Looking at the Stars

Comfort buying; the last bastion of the person unfulfilled by the costless gifts given to us by nature, art, a humanitarian act and the wisdom of an erudite mind. A route taken, although not recommended by Sat Nav, that draws in the misguided with false expectations of lasting existential contentment.  

Comfort buying; the misplaced faith that a newly purchased gadget, car, clothes or Jedward cd will be the catalyst to restitution from a hitherto litany of unfulfilment.

Saying that though, the Jedward cd may result in happily ever afters, you never know!…… I’m must admit I’m having to fight hard to resist that temptation!

Comfort buying; the subject of a pretentious blog, written by a middle aged northern English man, random of thought and erratic of mind. A man whose own experiences have taught him the folly of expecting long term contentment from the purchase of any possession.

Words from a cynical guy, occasionally penning in the third party, who seeks spiritual redemption in humanitarian acts of kindness, not the short term fix of the latest gadget. A man of caution who resists unnecessary purchases, regardless of it incorporated an app that predicts when he’ll next need the lavatory.

As much as he’d love to have an app that could foresee future toilet break requirements, is not convinced it would provide the same high as, say, voluntary work for a charity. Although, if it could provide information of pubs that had run out of toilet paper, he’d immediately buy the gadget/app.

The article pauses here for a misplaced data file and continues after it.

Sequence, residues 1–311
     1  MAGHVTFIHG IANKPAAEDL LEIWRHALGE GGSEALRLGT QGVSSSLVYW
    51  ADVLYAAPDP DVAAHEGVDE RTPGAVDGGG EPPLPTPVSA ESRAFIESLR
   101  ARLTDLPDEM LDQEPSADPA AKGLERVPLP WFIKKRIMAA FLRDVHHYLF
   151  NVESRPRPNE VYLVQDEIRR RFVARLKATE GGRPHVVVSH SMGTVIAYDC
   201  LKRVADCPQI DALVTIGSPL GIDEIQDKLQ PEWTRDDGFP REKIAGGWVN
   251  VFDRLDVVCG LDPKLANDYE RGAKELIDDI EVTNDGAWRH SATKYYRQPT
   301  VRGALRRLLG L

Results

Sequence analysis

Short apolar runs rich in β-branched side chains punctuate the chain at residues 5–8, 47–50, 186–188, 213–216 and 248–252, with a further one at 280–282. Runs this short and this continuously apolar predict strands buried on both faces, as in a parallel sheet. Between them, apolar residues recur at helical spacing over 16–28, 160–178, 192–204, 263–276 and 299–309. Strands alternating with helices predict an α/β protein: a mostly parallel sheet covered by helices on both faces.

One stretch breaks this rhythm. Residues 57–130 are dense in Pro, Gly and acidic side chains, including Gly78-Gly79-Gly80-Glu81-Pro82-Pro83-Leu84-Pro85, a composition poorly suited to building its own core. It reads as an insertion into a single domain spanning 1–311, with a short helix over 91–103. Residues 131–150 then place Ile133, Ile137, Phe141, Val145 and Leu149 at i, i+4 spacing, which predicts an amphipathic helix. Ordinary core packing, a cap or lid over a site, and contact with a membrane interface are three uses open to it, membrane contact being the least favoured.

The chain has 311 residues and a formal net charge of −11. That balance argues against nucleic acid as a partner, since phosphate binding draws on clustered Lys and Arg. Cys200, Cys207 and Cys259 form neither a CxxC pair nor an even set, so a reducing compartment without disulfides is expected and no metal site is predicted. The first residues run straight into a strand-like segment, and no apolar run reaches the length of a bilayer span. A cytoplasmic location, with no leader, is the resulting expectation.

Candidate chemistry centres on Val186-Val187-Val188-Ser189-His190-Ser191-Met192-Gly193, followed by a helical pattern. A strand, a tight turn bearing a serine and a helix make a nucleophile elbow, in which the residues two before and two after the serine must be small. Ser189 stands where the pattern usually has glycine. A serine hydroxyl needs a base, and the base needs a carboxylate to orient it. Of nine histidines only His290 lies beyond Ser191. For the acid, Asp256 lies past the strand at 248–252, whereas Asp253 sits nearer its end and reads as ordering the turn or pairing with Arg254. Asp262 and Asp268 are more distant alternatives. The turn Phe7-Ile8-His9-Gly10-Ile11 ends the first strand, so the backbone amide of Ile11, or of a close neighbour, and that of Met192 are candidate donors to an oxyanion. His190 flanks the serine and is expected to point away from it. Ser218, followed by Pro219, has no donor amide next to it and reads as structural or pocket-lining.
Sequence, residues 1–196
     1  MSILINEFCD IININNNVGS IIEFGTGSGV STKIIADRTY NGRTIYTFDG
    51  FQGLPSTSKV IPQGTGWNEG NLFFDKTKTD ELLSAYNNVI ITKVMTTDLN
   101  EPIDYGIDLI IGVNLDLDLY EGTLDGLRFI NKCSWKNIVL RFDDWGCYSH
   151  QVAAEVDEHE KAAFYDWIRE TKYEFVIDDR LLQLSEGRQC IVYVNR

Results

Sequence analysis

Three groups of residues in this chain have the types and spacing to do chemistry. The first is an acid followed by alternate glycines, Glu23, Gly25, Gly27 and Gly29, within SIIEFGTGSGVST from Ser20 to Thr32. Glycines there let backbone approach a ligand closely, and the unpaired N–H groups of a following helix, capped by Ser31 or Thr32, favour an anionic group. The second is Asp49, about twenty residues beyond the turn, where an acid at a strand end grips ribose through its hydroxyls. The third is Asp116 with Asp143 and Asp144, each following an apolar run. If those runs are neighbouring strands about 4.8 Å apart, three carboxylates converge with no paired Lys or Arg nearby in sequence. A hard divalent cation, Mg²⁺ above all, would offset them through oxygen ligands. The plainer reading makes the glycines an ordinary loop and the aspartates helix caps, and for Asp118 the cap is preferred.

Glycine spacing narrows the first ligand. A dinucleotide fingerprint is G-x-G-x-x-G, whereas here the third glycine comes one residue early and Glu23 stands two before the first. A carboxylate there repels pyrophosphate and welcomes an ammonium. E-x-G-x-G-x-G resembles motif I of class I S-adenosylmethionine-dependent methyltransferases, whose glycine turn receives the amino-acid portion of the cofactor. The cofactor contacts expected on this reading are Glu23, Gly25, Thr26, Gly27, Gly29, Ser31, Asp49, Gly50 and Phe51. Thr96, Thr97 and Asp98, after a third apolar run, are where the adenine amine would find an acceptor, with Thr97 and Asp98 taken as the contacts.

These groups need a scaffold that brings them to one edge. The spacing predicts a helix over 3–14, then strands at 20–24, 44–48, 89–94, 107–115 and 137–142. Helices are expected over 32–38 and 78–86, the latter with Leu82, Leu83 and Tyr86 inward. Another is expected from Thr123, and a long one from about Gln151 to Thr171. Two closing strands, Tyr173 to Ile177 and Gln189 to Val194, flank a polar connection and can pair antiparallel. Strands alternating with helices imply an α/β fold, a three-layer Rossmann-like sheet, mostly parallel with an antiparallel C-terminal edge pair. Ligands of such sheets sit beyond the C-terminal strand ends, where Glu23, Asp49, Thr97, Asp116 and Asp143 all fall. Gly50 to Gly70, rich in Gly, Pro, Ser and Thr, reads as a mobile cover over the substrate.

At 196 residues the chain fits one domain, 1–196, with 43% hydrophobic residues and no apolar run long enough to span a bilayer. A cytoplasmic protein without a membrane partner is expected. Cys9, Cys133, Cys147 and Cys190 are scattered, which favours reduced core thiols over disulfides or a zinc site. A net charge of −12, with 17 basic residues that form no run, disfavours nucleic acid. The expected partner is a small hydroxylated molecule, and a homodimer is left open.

Many people don’t subscribe to my cynicism about how money and its subsequent acquisitions can lead to long term happiness. In fact, I recently read a leading academic proffering “I’d rather be depressed in a mansion than in a gutter.”

That being said, do we not all need to spend some time in the gutter? Do the low points not give us a chance to refocus, re-plan and strive to return? Does the tougher times not make us appreciate the better times more?……. And where did you get that jumper it’s flipping awful?!

Image result for we are all in the gutter but some of us

Oscar Wilde wrote “We are all in the gutter, but some of us are looking at the stars.” Prophetic words that highlight we all have tough times, but if you have the vision, desire and drive it won’t be your permanent residence.

Incidentally, when I say leading academic above it isn’t strictly true. Those words of wisdom actually were uttered by old Ted at the Garforth Working Men’s Club. I thought penning leading academic gave the quotation more kudos, substance and validity than just adding old Ted from my local working men’s club!….. Some would call my strategy artistic licence. Others would just say I’m a right lying get!

Bearing in mind I have a relatively comfortable existence, which does include some (older generation) gadgets, people will read this and possibly dub me a hypocrite.

To them I would say, yes there maybe some substance in that accusation. I certainly have no right to take any moral high ground or preach to anyone, apart from old Ted who’s a right berk!

As I’ve got older my priorities have changed. For 20 years I provided for four people by working shifts in a unsuitable role. No longer undertaking that role means I have less disposable income, however now I get an opportunity to undertake voluntary work. This bestows on me fulfilment I’ve never come close to experiencing from any job or buying any possession.

Many will think this has been a lot of pretentious bollocks written by a guy whose swallowed a thesaurus. To those people I’d say yes it probably is, however your miles off with the thesaurus comment…….. I could never swallow a dinosaur!

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